Tuesday, January 30, 2007

Microsoft Office SharePoint Server 2007: Cannot connect to the configuration database

You receive a "Cannot connect to the configuration database" error message when you connect to your Windows SharePoint Services Web site. For troubleshooting this issue, refer to Microsoft KB Article 823287 .

This article covers the most common causes that would occur in a real environment. I want to add that I received this error in a virtual pc environment when I accidentally allocated 128MB to the vpc instead of the 1024 I intended. At 128MB the SharePoint server choked and sql didn't start properly and it resulted in this message. After recreating the vmc using 1024MB memory, then I was able to open the site with no problems.

Friday, January 26, 2007

MOSS 2007: The backup/restore failed because there is already another job scheduled.

If you run a backup/restore job from SharePoint V3 Central Admin and the job fails, then it may leave a job timer in the Jobs Definition page. You need to delete this timer before you can run the backup/restore utility successfully. If you don't delete the timer job then you may receive this error:

"The backup/restore failed because there is already another job scheduled. Delete the timer job from the Timer Jobs Definition page, and then restart the backup/restore job. "

In Central Admin > Operations > Global Configuration, click on Timer job definitions.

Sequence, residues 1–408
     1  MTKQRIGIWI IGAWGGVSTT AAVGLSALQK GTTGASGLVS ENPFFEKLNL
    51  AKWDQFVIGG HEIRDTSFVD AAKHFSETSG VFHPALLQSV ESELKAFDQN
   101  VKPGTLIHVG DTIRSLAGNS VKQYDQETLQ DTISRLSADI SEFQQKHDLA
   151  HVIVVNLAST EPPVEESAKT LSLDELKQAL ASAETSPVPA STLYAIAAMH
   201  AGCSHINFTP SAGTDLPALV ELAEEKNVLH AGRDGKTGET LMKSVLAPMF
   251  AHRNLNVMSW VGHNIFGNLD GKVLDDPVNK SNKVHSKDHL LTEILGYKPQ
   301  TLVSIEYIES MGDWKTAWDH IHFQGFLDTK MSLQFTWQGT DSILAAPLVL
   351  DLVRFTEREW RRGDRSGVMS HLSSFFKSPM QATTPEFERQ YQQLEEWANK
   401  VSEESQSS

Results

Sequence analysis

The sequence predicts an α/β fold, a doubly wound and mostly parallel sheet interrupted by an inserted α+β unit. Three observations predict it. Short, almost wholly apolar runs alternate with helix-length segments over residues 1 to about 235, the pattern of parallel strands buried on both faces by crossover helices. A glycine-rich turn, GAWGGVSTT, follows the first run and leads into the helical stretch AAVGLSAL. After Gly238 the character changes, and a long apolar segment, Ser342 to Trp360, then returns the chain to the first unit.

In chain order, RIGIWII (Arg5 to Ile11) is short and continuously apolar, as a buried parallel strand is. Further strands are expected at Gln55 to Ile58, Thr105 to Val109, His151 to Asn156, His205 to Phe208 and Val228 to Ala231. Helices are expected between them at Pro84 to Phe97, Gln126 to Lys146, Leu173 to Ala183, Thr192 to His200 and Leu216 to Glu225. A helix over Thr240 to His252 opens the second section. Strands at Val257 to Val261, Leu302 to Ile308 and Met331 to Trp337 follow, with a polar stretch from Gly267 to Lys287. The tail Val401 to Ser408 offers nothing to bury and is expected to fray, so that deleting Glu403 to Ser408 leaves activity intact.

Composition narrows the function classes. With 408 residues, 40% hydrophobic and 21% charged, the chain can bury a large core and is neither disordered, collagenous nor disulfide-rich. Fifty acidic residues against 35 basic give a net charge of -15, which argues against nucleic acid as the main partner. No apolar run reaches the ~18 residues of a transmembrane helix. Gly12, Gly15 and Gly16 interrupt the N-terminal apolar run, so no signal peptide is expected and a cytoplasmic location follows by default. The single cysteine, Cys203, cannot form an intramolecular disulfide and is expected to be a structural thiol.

Click the timer job with the title of "backup/restore."
Delete the timer job.

Now you should be able to run the backup/restore from Central Admin.

Wednesday, January 24, 2007

Microsoft Office SharePoint Designer (Contributor Mode)

Ever find your SharePoint Designer in Contributor Mode?
Here is how to turn it off: Site > Contributor Settings > Disable Contributor Settings

Wednesday, January 10, 2007

File Naming Convention

I got in the habit of naming files a certain way so that I could archive them and not have to worry about categorizing them into the correct folders. If I need to find something I can sort and scroll or use desktop search to find it.

First thing about the naming convention, I don't put any spaces in the name. Second, I prefix the file name with the date e.g. YYYYMMDDFileName. If the day or month is a single digit number then I put a 0 in front of it so that the prefix is always the same length e.g. 20070110. Since files travel from system to system, this naming convention ensures that the created date won't be lost. It allows the files to be sorted by date. Thirdly, it provides a versioning mechanism because when you save the file again tomorrow the date is different.

If the document is a certain type such as note, template, invoice, quote, etc., then I put the type right after the date. E.g. 20070110InvoiceVendorName. This way when I sort I can find all of the same type on the same day.

Finally, I put the most unique part of the name at the end. E.g. 20070110InvoiceMicrosoft.

The name might look funny, but it works. And, when storing the files in a SharePoint environment you can always display the friendly title of the document on the document library view instead of the actual file name.

Tuesday, January 09, 2007

Software Solution Project Planning

I like to use the following six project phases when creating an software solution project plan. I always start with these phases at the top level, then indent detailed tasks and subtasks beneath each respective phase.